I’m almost finished with Eleonore Stump‘s most excellent Wandering in Darkness: Narrative and the Problem of Suffering. As thoughtful as it is thorough, she takes the characters of Job, Abraham, Sampson, and Mary of Bethany from the biblical narratives and shows that the benefits received because of suffering are greater than the losses experienced from suffering.
I found the psychology as rich and insightful as the philosophy and was moved on not a few occasions to think deeper about the purpose of suffering. Her analysis of shame and guilt were especially helpful.
For example, a person unable to give or receive love (defined as desiring the best for another and desiring union with the other) experiences a lack of internal integration or alienation from one’s self because they are handicapped by standards (whether real or apparent) that they are consistently unable to meet. Divisions within one’s self result in a lack of closeness and union, not only with self, but with others. Feelings of guilt (based on what a person does or fails to do in keeping those standards) and the resulting shame (what a person is) gives them a deep sense of fragmentation within. Alleviating this fragmentation is necessary for love and union with another. When the obstacles of shame and guilt are removed, then love and union obtains. To the extent that a person resists healing of his internal fragmentation he also in effect resists closeness to others (p 156). This willed loneliness shuts out even God. In fact, “even an omnipotent God cannot unite himself to another if that other is alienated from itself. While a person’s will is fixed on the standard by which he is shamed, and on the shame accruing to him by that standard, he remains alienated from himself and from other people, too.”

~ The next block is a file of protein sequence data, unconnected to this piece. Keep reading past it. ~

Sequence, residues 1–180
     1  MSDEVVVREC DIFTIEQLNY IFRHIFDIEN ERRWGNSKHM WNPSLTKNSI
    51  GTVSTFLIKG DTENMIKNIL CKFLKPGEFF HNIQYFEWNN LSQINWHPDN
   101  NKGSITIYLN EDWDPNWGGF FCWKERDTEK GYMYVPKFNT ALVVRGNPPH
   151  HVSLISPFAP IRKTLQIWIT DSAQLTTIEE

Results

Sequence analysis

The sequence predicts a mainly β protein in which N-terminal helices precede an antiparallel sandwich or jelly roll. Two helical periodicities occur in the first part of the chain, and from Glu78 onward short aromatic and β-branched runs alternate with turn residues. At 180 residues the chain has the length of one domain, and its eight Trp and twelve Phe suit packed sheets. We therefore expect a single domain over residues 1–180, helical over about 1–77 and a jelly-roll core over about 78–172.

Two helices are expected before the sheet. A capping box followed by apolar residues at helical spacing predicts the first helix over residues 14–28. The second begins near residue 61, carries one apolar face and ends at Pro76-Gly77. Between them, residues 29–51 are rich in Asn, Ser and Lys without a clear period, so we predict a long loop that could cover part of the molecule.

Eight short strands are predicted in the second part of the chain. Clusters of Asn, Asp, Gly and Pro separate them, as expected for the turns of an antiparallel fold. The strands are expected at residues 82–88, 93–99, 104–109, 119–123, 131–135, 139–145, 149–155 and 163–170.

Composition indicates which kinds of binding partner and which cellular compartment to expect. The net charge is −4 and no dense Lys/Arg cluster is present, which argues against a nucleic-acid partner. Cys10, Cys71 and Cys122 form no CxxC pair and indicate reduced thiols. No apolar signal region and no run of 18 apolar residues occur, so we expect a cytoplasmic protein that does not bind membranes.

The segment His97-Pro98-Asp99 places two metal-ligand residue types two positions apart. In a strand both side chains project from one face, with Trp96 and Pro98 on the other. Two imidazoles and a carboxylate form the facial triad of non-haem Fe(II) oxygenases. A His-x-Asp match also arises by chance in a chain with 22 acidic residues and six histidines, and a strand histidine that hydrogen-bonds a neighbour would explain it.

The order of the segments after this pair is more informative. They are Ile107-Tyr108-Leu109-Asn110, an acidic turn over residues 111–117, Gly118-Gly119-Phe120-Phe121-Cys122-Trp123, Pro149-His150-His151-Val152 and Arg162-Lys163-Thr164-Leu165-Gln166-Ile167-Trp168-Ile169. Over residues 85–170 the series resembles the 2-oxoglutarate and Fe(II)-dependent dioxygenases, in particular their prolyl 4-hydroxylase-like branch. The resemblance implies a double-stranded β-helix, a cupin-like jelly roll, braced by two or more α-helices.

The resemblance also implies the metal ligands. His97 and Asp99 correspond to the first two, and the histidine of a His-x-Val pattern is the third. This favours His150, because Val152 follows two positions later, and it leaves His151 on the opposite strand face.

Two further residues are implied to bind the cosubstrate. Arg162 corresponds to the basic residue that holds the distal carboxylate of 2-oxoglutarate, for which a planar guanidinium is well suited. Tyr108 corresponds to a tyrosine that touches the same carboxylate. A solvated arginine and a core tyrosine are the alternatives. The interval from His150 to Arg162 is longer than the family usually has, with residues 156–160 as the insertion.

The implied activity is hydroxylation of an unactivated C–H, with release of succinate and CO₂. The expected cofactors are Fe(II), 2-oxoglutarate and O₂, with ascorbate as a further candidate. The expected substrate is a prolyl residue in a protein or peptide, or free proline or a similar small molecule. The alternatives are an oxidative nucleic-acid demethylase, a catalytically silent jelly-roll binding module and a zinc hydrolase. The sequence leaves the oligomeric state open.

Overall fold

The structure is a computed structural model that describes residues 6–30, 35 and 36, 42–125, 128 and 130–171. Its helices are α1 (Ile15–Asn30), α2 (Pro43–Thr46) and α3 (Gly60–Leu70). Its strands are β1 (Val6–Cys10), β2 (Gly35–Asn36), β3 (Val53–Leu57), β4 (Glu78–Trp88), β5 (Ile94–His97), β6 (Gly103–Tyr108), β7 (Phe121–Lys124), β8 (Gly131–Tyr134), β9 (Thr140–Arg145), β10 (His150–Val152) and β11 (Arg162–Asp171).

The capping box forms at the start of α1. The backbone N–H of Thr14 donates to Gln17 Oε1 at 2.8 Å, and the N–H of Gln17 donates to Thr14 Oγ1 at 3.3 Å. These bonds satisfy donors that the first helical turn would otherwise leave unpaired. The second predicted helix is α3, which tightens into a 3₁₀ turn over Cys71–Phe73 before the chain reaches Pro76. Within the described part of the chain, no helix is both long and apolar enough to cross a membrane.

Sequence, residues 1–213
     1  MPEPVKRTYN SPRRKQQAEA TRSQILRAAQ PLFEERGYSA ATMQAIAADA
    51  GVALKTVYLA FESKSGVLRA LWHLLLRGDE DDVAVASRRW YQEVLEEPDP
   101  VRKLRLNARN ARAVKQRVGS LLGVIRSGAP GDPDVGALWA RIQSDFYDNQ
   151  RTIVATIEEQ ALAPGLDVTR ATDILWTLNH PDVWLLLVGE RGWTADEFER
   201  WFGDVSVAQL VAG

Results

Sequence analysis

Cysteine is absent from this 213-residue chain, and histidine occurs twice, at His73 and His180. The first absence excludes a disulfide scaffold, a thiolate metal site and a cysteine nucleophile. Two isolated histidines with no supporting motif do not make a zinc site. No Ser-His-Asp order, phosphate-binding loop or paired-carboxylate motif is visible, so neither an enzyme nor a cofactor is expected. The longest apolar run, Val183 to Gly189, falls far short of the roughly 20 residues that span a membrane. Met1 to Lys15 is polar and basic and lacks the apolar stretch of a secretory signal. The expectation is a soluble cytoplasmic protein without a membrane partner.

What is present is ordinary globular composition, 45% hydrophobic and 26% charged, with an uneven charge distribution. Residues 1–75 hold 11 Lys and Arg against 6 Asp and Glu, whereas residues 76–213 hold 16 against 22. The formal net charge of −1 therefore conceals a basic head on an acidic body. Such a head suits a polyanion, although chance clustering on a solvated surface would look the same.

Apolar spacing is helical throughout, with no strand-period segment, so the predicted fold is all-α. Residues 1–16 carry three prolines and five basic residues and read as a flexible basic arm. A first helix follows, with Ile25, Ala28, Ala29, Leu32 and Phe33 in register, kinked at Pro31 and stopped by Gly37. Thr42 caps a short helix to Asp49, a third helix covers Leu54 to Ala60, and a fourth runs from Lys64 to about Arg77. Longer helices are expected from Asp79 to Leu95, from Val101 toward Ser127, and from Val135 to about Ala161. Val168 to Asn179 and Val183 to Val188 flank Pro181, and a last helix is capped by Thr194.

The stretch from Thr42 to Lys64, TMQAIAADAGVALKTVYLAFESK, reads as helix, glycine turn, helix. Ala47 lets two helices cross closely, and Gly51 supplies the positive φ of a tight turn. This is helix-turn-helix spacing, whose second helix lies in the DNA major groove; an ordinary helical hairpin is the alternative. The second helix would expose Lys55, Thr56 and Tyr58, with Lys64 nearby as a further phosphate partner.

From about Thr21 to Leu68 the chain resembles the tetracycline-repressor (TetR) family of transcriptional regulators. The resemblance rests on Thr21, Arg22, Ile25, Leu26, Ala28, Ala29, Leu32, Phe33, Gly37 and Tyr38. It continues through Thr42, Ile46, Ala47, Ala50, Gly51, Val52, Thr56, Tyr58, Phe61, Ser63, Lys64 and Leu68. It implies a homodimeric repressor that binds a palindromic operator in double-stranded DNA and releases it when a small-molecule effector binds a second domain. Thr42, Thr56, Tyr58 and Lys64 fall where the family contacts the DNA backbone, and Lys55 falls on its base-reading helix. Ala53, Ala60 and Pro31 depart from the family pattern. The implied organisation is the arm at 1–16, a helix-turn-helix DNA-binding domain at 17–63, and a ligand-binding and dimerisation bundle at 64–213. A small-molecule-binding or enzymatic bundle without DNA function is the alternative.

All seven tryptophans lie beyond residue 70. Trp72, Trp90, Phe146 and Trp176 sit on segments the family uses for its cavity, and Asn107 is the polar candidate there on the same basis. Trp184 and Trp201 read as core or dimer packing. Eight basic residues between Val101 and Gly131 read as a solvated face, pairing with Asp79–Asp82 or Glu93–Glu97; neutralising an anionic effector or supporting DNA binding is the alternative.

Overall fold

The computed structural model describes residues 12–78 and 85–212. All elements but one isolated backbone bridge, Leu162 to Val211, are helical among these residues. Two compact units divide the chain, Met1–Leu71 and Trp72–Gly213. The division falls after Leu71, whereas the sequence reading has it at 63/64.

She opines that forgiveness and a resolve not to meet unreasonable standards is the antidote to and remedy for this lack of internal integration and relational fragmentation. It is possible even for the most shamed person to find a deeper standard of beauty by which he is lovely rather than shamed. She invites us to consider the example of Joseph Merrick, known as the Elephant Man, in this regard (p 157).
The Stanton Lectures of Cambridge University are available here.
See a fine summary here.